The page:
It is easy to get confused about urgent care centers. To learn more, go to the Urgent Care Association of America.

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How to Find an Urgent Care Center

The best time to find an urgent care center is before you need it. Here are some ways to find urgent care centers near you:

  • Ask your family member’s doctor about local urgent care centers. The doctor may recommend certain centers for your family member.
  • To find local centers, look in the phone book or search the Internet for “urgent care centers” in your zip code.
  • Make a list of four or five nearby urgent care centers. See how long it takes to get to each one. If you cannot visit in person, ask the center to mail you a brochure.
  • Make a folder of local urgent care centers, with maps and directions.
  • Call ahead before you go to an urgent care center. Sometimes the information on its website is out of date.

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Questions to Ask Before Going to an Urgent Care Center

Q. When is the center open?

Urgent care centers set their own hours. Most, but not all, are open in the evening and on weekends. Make sure you know the hours it is open. This way you will not waste time going to a center in the middle of the night and finding out it is closed. By law ERs must be open 24/7 (all the time).

When is the center open?
What professionals are on staff?
How long is the average wait time?
Does the urgent care center accept insurance?
Does the urgent care center provide medications?

Q. What professionals are on staff?

Urgent care centers may not have doctors on duty at all times. While some centers are staffed by family physicians or doctors with ER training, others only have doctors “on call” (such as a radiologist to read X-rays). Urgent care centers may be staffed by nurse practitioners or physician assistants trained to handle common medical problems. Their care might include doing blood work, giving X-rays, and providing oxygen.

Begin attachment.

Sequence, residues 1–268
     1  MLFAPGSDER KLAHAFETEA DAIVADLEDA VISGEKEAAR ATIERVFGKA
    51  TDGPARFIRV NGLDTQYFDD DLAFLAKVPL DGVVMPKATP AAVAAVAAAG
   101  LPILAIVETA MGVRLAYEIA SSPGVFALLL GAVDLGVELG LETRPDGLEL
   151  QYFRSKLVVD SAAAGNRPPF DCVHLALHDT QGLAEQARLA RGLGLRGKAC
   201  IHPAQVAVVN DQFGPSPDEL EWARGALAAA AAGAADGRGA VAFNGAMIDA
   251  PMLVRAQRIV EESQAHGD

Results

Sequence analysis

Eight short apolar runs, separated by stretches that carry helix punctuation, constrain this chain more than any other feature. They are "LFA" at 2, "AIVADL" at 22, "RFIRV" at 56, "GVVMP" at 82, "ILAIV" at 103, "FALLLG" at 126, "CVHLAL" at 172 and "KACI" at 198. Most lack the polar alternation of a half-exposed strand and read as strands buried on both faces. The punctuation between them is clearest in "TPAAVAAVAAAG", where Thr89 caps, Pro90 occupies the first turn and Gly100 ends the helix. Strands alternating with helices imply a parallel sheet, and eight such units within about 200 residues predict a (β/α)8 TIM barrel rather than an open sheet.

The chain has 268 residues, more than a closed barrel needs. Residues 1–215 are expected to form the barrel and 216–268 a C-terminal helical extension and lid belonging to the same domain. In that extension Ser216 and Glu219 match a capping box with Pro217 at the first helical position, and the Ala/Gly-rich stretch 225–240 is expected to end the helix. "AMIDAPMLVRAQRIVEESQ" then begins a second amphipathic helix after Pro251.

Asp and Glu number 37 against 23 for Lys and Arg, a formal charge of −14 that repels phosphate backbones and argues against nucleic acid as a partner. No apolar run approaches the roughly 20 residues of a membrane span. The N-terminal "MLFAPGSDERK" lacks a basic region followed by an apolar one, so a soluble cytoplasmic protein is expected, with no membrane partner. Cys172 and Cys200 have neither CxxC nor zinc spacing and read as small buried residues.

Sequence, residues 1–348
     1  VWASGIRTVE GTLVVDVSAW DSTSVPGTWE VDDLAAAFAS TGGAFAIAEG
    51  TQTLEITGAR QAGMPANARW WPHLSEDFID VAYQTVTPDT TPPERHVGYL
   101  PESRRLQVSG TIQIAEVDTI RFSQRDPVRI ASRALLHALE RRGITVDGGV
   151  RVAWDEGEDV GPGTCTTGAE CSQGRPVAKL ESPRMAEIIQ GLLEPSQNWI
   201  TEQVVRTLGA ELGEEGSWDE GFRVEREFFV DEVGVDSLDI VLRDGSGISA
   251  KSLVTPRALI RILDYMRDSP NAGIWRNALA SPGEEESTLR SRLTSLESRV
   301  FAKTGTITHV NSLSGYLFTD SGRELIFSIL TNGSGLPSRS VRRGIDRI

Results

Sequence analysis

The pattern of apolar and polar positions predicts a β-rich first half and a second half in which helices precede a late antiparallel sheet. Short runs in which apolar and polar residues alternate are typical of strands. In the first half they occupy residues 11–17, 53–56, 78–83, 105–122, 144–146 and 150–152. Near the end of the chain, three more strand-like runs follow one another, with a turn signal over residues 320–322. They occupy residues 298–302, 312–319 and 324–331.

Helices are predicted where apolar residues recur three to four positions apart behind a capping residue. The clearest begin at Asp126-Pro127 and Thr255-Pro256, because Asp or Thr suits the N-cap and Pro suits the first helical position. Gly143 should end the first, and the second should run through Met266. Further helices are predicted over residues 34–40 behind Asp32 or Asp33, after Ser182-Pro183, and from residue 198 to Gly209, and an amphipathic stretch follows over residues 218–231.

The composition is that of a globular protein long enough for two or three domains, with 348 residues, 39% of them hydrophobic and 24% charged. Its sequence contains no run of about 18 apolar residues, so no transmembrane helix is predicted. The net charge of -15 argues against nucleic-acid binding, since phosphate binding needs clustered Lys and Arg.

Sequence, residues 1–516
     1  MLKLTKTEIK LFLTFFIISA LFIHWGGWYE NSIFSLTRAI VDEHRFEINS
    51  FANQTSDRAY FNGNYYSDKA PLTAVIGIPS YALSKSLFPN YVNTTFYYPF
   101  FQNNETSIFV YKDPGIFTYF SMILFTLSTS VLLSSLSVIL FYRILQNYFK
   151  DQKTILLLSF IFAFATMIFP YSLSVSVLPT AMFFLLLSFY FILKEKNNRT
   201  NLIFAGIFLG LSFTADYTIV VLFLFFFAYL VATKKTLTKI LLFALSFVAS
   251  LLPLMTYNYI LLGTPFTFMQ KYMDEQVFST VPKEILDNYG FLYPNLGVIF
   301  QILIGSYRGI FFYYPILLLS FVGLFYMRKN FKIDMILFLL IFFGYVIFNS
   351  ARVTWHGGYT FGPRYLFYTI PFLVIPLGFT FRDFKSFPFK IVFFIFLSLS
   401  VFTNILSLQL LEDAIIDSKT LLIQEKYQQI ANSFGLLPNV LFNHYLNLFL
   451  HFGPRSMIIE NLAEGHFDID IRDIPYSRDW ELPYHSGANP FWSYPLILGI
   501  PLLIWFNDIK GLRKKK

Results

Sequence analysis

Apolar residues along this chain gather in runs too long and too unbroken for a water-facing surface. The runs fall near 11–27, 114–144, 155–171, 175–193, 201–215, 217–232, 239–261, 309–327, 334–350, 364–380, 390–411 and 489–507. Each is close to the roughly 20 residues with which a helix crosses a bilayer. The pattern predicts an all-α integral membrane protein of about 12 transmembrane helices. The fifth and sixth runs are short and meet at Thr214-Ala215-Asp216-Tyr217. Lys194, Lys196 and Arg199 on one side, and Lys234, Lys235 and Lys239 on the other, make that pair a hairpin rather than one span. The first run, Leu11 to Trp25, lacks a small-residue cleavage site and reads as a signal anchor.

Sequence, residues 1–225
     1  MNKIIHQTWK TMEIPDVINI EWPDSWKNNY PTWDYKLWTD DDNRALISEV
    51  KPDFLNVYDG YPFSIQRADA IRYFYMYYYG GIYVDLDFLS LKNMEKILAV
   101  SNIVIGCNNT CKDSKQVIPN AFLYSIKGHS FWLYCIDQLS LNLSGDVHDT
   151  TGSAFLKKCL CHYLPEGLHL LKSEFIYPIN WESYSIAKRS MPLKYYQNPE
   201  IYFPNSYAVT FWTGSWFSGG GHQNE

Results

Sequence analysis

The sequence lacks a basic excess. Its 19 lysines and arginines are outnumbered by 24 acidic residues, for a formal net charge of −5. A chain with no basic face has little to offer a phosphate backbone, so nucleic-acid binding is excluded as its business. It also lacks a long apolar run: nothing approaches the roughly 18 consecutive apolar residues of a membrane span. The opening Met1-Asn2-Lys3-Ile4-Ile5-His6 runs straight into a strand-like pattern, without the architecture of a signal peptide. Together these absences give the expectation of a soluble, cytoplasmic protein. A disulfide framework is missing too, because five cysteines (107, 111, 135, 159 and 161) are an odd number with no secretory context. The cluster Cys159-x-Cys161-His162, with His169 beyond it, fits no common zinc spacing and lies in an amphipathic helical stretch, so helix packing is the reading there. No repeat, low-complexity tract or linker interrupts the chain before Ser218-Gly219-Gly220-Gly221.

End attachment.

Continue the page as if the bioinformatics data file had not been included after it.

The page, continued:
Q. How long is the average wait time?

At urgent care centers, there is often just a short wait to see the doctor, nurse practitioner, or physician assistant. Short waits can be very important when caring for an older person.

In busy ERs, patients are triaged (the most serious cases are seen first). This means that if your family member’s illness is not the most serious, you might have to wait in the ER for many hours.

Q. Does the urgent care center accept insurance?

Urgent care centers accept many insurance plans. It is a good idea to find out ahead of time if your family member’s health plan has a contract with an urgent care center. If you go to an urgent care center that does not have such a contract, there might be higher fees for an “out-of-network” provider. Sometimes people go to an out-of-network urgent care center if the “in-network” one is far from the family member’s home.

Ask an urgent care center about its billing. If your family member does not have health insurance, then he or she may be billed at a higher rate. Even though an ER must treat all patients who show up, ER treatment is not free.

It is important to know that urgent care centers do not have to treat everyone. This is different from a hospital ER, which is required by law to assess and, as needed, stabilize and treat everyone who seeks care – whether or not they can afford to pay. But urgent care centers are covered by antidiscrimination laws. They cannot refuse to see patients because of race, gender, religion, or sexual orientation.

Q. Does the urgent care center provide medications?

Doctors at urgent care centers can write prescriptions to fill at your pharmacy. In some states, nurse practitioners and physician assistants are allowed to write prescriptions at urgent care centers. Some urgent care centers can also give patients common medications like antibiotics (to treat infections). Some urgent care centers will not prescribe pain medications.

You can save time and reduce anxiety – for you, as well as your family member – when you plan ahead and know when to use an urgent care center.

What to Do After Going to an Urgent Care Center

Tell your family member’s doctor that you went to an urgent care center, why, and what treatment and medications were given. This is very important as the center might not send information about the visit to your family member’s doctor.

Tell the urgent care center and your family member’s doctor about the quality of care you received. This helps everyone know what to do the next time there are medical problems.

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©2013 United Hospital Fund